I think it’s important we reflect on the idea of total institutions as a classification. When 36.7% people aged 85 or over die in a care home in the UK. Or note that America has 655 people in jail per 100,000. Not all Total Institutions are labour camps or secure units as Foucault thought about them in Discipline and Punish however.
Whilst the wider cultural frameworks that supported members of the population to self select for a life inside a total institution like a monastery or a convent are diminishing they haven’t completely gone away.
With that out the way I’d like to introduce the idea of a Temporary Total Institution, as a counterpoint to the (thankfully) diminishing interest in the Temporary Autonomous Zone.
Modern sociologists have pointed to cruise ships as having many of the characteristics of a total institution. Tourists may not be aware that they are being controlled, even constrained, but the environment has been designed to subtly manipulate the Behaviour of patrons.
I would also add. Airports, Themeparks and Airplanes, Summer camps for those who grew up in Americana and also think about the working conditions of a foxconn factory with dormitories.
These examples differ from the traditional examples in that there influence is short term. But as ‘totalness’ is on a sliding scale: I would also add Yoga retreats, meditation getaways etc. to this list.
All are places that one can voluntarily enter for a short period but have to surrender agency and become institutionalised in some sense. People fly halfway around the world to enter an ashram for example.
Whilst he was talking about mental institution Goffman concluded that adjusting inmates to their role has at least as much importance as “curing” them. Most ascetic or monastic traditions have rituals of welcome, so too do 5 star hotels that are locked down like a compound with high walls.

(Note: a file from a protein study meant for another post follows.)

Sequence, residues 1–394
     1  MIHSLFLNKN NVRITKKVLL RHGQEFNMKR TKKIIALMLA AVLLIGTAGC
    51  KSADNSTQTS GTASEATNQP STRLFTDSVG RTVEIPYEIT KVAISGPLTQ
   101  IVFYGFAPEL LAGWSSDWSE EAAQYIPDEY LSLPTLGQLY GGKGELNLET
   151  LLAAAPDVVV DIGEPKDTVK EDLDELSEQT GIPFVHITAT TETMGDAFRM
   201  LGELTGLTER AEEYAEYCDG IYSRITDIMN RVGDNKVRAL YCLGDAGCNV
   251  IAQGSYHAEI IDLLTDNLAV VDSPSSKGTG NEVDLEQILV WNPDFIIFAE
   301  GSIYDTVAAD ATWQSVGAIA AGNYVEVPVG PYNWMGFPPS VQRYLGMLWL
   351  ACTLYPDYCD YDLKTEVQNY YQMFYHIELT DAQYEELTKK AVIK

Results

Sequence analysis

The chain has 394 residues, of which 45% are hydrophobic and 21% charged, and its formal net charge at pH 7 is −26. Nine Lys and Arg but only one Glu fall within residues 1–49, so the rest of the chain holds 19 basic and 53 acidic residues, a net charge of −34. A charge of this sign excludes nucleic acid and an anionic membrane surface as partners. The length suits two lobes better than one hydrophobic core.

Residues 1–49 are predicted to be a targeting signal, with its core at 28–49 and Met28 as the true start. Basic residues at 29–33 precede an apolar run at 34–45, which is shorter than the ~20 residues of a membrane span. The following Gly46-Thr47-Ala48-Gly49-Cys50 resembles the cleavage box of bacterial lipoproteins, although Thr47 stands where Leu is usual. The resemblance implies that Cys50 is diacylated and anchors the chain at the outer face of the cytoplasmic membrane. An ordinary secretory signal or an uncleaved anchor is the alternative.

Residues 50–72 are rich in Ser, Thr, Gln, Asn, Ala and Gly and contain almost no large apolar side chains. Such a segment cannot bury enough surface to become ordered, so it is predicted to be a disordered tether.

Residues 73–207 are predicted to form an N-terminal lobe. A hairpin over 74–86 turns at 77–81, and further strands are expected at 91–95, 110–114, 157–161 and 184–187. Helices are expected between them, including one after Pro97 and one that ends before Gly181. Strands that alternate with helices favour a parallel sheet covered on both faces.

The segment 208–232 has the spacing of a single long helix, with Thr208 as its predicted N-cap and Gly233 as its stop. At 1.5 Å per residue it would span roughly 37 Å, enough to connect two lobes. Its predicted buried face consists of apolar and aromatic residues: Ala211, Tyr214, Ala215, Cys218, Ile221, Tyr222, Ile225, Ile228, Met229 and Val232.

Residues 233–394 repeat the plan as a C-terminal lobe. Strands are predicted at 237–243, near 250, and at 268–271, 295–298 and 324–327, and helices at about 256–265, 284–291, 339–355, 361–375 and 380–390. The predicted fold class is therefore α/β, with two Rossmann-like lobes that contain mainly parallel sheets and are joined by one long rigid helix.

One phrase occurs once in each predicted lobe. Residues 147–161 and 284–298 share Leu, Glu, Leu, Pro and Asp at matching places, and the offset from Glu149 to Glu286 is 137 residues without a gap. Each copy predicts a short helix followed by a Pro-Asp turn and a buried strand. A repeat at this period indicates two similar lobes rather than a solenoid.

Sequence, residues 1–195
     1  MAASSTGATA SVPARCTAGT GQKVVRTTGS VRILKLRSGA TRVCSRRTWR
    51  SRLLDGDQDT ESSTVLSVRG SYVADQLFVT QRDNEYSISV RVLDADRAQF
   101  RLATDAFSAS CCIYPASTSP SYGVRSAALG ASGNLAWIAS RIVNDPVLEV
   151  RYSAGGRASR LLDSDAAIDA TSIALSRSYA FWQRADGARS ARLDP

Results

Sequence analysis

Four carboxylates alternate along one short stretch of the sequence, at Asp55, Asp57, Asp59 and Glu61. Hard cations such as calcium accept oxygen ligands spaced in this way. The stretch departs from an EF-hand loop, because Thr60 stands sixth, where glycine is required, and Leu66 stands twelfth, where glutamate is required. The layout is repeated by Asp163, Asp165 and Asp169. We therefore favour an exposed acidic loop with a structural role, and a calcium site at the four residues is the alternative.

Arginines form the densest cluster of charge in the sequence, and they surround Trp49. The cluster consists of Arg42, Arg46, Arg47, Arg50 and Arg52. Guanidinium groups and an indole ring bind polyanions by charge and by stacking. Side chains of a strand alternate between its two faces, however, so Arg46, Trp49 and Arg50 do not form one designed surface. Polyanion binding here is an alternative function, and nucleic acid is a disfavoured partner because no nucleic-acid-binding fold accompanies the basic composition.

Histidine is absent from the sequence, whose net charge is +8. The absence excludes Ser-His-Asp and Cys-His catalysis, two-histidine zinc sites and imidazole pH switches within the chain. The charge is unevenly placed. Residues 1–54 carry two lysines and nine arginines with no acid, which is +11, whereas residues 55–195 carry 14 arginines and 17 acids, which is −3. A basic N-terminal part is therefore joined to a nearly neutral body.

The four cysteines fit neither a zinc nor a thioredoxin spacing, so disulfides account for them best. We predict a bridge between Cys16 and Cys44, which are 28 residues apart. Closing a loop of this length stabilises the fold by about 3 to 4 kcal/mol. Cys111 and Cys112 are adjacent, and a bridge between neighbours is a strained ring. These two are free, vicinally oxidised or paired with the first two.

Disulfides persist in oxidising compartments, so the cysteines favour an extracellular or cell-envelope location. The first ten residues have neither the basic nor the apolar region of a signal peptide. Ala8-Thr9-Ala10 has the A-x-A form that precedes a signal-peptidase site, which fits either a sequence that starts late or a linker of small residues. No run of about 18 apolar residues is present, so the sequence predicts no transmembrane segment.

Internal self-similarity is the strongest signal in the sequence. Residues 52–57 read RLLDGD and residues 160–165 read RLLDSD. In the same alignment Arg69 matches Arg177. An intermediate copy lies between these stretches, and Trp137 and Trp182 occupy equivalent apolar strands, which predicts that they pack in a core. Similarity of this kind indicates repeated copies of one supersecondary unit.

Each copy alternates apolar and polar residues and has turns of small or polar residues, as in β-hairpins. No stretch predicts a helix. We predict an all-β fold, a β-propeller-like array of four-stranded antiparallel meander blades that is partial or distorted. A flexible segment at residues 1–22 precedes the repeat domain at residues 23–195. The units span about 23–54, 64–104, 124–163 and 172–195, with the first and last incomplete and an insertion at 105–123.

The idea of a Temporary Total Institution is one of the reasons I got involved in the unMonastery project way back in 2013 a social clinic for the future. unMonastery is a place-based social innovation aimed at addressing the interlinked needs of empty space, unemployment and depleting social services by embedding committed, skilled individuals within communities that could benefit from their presence.
If you their book of greater and lesser omissions produced after their first run in Matera in 2015 it quickly becomes clear that developing modes of institutionalisation was a key concern. Many of the people who have participated in unMonastery have come away with a fascination with the benedictine rule or as Kei Kreutler observed on twitter the other day:
Projects, ideas, thought forms all have unique orbital velocity (the speed at which they stick in reality, when maintenance becomes minimal).Kei Kreutler – Twitter
It is the minimal maintenance of a project that I think speaks to the maturity of an institutionalisation process. The shared reality.
I think it’s vital that we turn back to optimizing physical spaces, and reassess how people come together to get things done.
How do conferences adjust its participants beyond playing lipservive to welcome with a boring speech in its opening quote unquote ceremony. Or how do all the new horizontal worker owned cooperatives that are springing up ensure quick entry into ‘work mode’ without the institutionalisation of hierarchy and having a boss?
My hunch is that we will need to reappraise our cultural squeamishness around technology of ritual.